Kerrville Triathlon: The Most Scenic Tri in Texas

by Brook Benten Jimenez on October 14, 2021 in Lifestyle, Sports, Wellness, Living Texas,

If you’re going to be swimming, biking, and running for miles (up to 70.3 miles, to be exact), you might as well do so in the Texas Hill Country and take in the most scenic views around.

The Kerrville Triathlon is a picturesque swimming, biking, and running event. Annually, it offers distances for athletes of all levels and abilities. The event spans a full fall weekend, with shorter-distance races on Saturday and longer races on Sunday.  Here’s what you can expect from “The Most Scenic Tri in Texas.” The next event is September 24-25, 2022, so start training now! (You’ll find training tips at the end of this article.)

Post-swim, you’ll run, barefooted, up a hill lined with artificial green turf to “T1,” a Kerrville Triathlon transition station where you’ll toss on cycle shoes then take off on the bike. Photo courtesy Brook Benten Jimenez/FinisherPixⓇ

The Swim

The swimming portion of the Kerrville Tri takes place in Nimitz Lake, with buoys placed to map the route. Where you’ll find yourself in trouble here is if you have only trained in a swimming pool. In a pool, you see exactly where you are going. In a river or lake, you see hazy green nothingness. To get your bearings straight, you’ll have to cock your head up like a turtle from time to time. This can be tough to do when other people’s extremities are swatting or fluttering all around you.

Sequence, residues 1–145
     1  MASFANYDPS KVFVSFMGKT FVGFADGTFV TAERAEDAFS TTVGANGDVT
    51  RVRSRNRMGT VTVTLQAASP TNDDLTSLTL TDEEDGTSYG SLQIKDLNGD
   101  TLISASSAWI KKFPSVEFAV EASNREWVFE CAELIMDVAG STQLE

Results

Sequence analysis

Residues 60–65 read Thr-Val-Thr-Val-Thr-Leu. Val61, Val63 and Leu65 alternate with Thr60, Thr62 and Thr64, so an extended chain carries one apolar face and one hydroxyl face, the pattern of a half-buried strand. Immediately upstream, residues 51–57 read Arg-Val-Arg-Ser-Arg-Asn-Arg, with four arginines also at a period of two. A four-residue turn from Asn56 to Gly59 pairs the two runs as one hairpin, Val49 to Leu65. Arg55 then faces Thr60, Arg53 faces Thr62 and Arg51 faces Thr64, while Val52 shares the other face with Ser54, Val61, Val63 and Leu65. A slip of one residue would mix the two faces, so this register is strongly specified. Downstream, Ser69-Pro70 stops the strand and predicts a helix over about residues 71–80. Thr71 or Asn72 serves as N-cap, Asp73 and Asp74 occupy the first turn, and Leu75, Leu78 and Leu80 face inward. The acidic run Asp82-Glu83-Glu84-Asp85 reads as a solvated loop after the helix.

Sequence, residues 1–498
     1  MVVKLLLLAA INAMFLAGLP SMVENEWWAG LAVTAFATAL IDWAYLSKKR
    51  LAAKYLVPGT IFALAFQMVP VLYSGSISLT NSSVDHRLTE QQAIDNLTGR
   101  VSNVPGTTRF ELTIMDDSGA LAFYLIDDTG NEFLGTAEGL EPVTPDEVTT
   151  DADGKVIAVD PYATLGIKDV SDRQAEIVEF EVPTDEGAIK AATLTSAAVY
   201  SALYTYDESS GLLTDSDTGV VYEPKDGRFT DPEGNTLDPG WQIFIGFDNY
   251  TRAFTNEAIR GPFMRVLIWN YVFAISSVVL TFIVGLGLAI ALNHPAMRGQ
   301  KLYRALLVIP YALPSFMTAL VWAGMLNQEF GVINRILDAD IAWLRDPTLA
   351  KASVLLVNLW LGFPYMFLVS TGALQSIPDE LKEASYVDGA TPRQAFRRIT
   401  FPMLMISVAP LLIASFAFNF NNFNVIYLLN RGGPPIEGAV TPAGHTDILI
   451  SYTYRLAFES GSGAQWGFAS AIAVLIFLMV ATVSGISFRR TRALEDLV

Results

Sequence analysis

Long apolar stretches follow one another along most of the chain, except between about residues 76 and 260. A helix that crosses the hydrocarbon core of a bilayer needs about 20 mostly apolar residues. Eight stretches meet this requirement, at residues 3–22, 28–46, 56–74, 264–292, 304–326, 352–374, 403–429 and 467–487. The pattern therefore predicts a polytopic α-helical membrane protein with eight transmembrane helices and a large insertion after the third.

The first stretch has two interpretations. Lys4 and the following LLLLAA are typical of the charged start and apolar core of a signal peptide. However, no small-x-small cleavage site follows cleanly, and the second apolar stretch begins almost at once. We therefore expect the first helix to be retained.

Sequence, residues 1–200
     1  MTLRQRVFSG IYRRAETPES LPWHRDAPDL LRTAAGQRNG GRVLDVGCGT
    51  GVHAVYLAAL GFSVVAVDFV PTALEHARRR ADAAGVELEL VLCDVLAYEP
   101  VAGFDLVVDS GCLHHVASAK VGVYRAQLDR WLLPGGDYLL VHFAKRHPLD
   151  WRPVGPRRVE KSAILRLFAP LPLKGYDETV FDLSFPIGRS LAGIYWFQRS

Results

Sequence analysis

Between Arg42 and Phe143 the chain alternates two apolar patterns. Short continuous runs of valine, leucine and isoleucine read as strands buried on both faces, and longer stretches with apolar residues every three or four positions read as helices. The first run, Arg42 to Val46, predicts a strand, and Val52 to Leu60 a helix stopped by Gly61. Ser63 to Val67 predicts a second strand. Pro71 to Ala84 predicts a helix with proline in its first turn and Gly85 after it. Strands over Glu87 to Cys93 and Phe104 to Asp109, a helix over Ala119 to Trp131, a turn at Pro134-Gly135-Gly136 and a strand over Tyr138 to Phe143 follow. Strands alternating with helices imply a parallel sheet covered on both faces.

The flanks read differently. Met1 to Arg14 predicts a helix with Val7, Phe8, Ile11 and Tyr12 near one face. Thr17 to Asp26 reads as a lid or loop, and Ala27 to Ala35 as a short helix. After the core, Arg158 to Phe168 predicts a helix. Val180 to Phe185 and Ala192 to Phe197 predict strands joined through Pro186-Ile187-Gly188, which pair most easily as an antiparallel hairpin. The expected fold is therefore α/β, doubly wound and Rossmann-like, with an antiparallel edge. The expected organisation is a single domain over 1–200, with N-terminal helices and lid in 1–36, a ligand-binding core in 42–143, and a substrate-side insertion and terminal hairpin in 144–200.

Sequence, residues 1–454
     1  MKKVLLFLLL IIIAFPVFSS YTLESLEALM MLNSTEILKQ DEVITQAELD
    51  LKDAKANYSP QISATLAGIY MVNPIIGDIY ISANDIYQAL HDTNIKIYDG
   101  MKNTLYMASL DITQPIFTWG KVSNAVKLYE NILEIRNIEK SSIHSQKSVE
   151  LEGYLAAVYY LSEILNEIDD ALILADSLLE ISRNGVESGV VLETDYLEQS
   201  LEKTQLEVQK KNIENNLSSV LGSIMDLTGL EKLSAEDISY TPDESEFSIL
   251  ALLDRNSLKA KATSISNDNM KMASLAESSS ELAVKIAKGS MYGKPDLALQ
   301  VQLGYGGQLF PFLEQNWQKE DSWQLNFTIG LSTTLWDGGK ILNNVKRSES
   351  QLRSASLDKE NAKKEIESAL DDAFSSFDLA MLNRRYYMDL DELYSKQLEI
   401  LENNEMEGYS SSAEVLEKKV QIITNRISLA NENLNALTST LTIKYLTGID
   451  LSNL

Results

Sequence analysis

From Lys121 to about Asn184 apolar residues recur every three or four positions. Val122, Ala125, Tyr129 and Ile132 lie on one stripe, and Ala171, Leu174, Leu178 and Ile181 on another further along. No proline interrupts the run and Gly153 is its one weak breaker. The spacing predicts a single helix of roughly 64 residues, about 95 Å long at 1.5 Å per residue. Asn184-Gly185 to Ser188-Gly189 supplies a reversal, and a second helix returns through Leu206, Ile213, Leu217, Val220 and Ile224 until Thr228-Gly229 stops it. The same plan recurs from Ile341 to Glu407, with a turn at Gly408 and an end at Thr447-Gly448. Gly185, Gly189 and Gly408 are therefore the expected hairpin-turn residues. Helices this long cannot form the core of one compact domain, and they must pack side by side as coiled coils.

And, your fellow competitors’ high-velocity freestyle strokes will create waves that make it hard to take a breath without gulping in river water. All of this comes as no surprise to those who train with groups in open water swimming.  The key is to practice under these conditions so that when the event comes, you’re not blindsided. Struggling in open water swim is inevitable, but panicking is optional.  Practice is the panacea for panic.

Photo courtesy Jon Del Rivero on Unsplash

Most triathletes agree that the swim is the most challenging of the three parts of a triathlon.  If you learn to survive in the face (ahem, kicks) of adversity, you gain an edge from the start.

The Ride

The swim will test you, but it’s a rite of passage to be able to do the next event: the bike ride.  The ride in the Kerrville Tri is epic. Heading south out of Kerrville on your bike, you’ll meander through the Hill Country’s finest rural roads. You’ll see signs to places that you’ve only heard of in Charlie Robison songs. The scenery all around looks like it belongs on a postcard. If you’re not looking to podium here (note: in the Kerrville Tri, there’s no money on the line), take your time and enjoy God’s country. Your finisher’s belt buckle medal will be the exact same as everyone else’s.

Kellie Dewveall became the first blind athlete to complete the 2021 Quarter-distance Kerrville Tri. Photographed behind her guide, Cheyenne Meyer, on their tandem bike. Photo courtesy

The Run